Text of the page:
As Donald trump continues to demand federal funding for the border wall, he has leaned heavily on the argument that the wall will be an attempt to battle the countries war on drugs with Mexico.
“The Wall is a very important tool in stopping drugs from pouring into our country and poisoning our youth (and many others)!” the president tweeted this week “If the wall is not built, which it will be, the drug situation will NEVER be fixed the way it should be!”
Experts on drug trade think a border wall, even one as grandiose and non-existent as the one trump promised, would be very ineffective in stopping the cross-border supply of illegal drugs.
The main reason? Drugs that come in to the country from the border go through existing border checkpoints by car or truck. Those checkpoints will still be there regardless if the wall gets built or not.
Drug cartels “transport the bulk of their drugs over the Southwest border through ports of entry (POEs) using passenger vehicles or tractor trailers,” the DEA wrote in its its 2015 national drug threat assessment. “The drugs are typically secreted in hidden compartments when transported in passenger vehicles or comingled with legitimate goods when transported in tractor trailers.”
No matter how high the wall is, those ports of entry will remain, as they are the doors that the drugs have already been seeping through. The image of a drug smuggler running across the border is almost fictional, according to drug policy experts
“Smuggling drugs in cars is far easier than carrying them on the backs of people through a really harsh desert terrain,” stated Vanda Brown, a senior fellow at the Brookings institution “The higher the fence will be, the more will go through ports of entry”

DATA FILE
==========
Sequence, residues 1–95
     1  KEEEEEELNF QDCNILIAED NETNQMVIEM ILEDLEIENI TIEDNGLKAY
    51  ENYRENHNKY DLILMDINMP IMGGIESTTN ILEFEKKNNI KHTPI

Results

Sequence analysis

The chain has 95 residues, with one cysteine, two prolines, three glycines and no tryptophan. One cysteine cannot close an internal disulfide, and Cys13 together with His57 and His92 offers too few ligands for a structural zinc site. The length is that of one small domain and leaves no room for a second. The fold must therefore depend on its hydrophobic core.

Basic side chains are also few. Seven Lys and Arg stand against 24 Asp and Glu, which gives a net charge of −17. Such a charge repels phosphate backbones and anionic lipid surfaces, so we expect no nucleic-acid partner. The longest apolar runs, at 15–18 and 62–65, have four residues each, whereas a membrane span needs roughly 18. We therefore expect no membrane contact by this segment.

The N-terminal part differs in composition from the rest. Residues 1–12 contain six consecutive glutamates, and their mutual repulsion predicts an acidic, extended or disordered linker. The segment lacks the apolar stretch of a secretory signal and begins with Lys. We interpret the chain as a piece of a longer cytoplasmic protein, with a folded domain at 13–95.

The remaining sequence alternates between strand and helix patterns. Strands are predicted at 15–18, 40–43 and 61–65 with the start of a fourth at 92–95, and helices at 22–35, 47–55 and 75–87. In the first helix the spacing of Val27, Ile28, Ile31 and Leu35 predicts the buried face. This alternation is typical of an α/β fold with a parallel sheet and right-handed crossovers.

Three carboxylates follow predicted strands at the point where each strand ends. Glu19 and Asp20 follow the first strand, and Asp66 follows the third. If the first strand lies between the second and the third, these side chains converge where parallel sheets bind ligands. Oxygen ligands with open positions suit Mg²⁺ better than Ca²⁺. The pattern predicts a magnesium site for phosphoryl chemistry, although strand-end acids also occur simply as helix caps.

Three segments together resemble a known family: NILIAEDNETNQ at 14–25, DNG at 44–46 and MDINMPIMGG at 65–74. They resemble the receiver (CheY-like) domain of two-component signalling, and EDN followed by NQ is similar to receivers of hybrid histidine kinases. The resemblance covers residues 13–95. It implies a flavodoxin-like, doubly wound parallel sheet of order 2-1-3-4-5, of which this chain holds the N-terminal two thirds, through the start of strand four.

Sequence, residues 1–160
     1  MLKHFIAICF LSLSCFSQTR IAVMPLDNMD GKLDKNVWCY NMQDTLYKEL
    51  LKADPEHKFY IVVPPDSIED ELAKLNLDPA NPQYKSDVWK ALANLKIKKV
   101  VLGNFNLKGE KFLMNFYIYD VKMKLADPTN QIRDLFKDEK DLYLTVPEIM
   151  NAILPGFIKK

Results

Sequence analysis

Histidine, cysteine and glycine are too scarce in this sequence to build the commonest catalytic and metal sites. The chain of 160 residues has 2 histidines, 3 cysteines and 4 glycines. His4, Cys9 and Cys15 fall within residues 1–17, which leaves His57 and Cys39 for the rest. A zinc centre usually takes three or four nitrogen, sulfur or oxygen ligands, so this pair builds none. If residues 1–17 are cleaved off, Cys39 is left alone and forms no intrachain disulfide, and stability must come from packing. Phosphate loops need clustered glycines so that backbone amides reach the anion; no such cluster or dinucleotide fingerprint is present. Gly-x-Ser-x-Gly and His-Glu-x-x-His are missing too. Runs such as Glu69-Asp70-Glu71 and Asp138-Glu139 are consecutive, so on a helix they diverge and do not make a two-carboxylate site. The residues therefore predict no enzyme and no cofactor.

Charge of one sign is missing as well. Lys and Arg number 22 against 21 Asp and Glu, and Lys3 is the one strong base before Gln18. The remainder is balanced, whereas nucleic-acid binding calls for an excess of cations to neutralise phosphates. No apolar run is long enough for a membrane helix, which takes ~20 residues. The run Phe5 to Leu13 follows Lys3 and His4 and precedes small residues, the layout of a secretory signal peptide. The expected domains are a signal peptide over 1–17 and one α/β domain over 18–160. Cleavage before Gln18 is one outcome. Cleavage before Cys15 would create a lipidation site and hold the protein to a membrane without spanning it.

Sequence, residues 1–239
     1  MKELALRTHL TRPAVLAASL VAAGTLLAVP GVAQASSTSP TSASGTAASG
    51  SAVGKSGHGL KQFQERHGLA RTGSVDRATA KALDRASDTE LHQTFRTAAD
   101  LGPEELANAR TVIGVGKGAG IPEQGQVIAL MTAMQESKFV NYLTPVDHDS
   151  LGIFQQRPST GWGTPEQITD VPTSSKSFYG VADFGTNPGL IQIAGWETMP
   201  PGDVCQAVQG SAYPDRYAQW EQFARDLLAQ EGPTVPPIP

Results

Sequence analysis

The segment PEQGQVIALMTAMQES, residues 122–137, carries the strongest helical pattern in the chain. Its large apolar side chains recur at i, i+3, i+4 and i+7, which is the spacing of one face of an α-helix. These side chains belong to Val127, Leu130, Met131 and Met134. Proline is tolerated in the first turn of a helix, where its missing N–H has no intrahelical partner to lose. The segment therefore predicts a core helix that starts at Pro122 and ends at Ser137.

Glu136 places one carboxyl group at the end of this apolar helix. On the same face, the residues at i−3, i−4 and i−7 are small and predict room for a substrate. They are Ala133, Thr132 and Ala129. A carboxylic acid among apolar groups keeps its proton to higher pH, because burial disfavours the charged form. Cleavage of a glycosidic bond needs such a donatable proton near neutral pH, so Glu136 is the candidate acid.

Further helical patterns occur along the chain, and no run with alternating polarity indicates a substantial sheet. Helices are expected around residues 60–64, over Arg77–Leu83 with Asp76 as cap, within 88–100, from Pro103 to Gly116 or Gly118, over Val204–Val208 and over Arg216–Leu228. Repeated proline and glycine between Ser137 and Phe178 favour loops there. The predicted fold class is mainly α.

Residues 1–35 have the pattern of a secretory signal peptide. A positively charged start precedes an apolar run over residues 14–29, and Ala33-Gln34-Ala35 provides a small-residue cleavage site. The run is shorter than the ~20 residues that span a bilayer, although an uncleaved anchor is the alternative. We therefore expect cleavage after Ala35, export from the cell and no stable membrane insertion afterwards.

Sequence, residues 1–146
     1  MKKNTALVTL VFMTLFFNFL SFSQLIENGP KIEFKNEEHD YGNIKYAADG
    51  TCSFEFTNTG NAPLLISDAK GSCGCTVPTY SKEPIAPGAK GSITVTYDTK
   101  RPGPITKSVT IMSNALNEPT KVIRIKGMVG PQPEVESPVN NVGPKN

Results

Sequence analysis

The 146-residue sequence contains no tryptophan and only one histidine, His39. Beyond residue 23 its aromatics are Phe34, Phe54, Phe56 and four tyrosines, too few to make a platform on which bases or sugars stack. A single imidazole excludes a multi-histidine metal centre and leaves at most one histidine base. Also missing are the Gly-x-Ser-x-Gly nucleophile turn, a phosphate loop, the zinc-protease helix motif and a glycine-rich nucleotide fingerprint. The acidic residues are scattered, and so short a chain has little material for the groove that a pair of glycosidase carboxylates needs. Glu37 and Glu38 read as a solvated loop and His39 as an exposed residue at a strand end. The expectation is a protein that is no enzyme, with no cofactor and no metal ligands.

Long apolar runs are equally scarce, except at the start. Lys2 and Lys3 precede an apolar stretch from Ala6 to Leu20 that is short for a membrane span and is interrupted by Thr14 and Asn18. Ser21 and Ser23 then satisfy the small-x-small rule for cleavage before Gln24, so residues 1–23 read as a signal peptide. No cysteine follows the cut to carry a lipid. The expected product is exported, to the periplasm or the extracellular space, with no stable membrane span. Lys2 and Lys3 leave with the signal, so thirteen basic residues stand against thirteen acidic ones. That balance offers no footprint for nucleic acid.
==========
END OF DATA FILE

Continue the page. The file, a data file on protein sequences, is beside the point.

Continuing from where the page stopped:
The trump administration already knows this, Department of homeland security secretary John F. Kelly recognized the fact that illicit drugs “mostly come through the ports of entry.” At a separate meeting in February, the director of a customs border task force told lawmakers that “the southwest land border POEs are the major points of entry for illegal drugs, where smugglers use a wide variety of tactics and techniques for concealing drugs.”
A smart border drug policy is one that would improve the points of entry rather than the wall between the countries. According to Adam Isaacson, senior associate for defense oversight at the Washington office, the nations ports of entry would require about 5 billion dollars in improvements, not limited to the personnel and the technology used to screen cars and people coming into the country.